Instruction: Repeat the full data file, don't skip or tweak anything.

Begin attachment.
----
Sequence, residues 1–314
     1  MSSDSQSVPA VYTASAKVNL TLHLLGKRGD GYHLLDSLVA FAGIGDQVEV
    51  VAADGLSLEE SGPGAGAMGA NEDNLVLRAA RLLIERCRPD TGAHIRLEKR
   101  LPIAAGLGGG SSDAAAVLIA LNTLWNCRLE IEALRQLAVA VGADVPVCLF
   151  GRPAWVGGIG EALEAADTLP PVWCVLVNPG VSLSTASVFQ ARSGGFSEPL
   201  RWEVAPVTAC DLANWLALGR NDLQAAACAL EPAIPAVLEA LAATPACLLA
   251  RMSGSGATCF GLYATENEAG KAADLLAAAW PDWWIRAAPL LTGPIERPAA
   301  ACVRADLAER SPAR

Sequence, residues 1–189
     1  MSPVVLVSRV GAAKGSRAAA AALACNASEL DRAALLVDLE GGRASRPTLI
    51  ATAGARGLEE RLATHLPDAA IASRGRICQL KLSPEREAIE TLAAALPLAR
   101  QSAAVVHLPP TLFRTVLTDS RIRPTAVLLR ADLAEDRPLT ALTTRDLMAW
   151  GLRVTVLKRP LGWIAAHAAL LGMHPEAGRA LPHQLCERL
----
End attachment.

Sequence, residues 1–314
     1  MSSDSQSVPA VYTASAKVNL TLHLLGKRGD GYHLLDSLVA FAGIGDQVEV
    51  VAADGLSLEE SGPGAGAMGA NEDNLVLRAA RLLIERCRPD TGAHIRLEKR
   101  LPIAAGLGGG SSDAAAVLIA LNTLWNCRLE IEALRQLAVA VGADVPVCLF
   151  GRPAWVGGIG EALEAADTLP PVWCVLVNPG VSLSTASVFQ ARSGGFSEPL
   201  RWEVAPVTAC DLANWLALGR NDLQAAACAL EPAIPAVLEA LAATPACLLA
   251  RMSGSGATCF GLYATENEAG KAADLLAAAW PDWWIRAAPL LTGPIERPAA
   301  ACVRADLAER SPAR

Sequence, residues 1–189
     1  MSPVVLVSRV GAAKGSRAAA AALACNASEL DRAALLVDLE GGRASRPTLI
    51  ATAGARGLEE RLATHLPDAA IASRGRICQL KLSPEREAIE TLAAALPLAR
   101  QSAAVVHLPP TLFRTVLTDS RIRPTAVLLR ADLAEDRPLT ALTTRDLMAW
   151  GLRVTVLKRP LGWIAAHAAL LGMHPEAGRA LPHQLCERL